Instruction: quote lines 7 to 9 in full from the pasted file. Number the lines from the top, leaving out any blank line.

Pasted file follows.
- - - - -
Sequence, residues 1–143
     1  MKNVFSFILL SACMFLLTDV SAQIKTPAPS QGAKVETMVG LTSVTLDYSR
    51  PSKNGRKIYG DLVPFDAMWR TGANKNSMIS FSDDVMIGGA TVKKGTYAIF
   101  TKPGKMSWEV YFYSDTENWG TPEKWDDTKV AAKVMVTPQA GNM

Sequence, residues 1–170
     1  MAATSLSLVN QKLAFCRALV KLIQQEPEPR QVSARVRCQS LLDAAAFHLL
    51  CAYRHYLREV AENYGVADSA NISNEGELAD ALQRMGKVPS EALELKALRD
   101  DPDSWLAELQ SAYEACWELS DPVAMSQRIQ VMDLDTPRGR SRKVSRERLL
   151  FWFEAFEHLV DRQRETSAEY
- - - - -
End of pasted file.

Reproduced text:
    51  CAYRHYLREV AENYGVADSA NISNEGELAD ALQRMGKVPS EALELKALRD
   101  DPDSWLAELQ SAYEACWELS DPVAMSQRIQ VMDLDTPRGR SRKVSRERLL
   151  FWFEAFEHLV DRQRETSAEY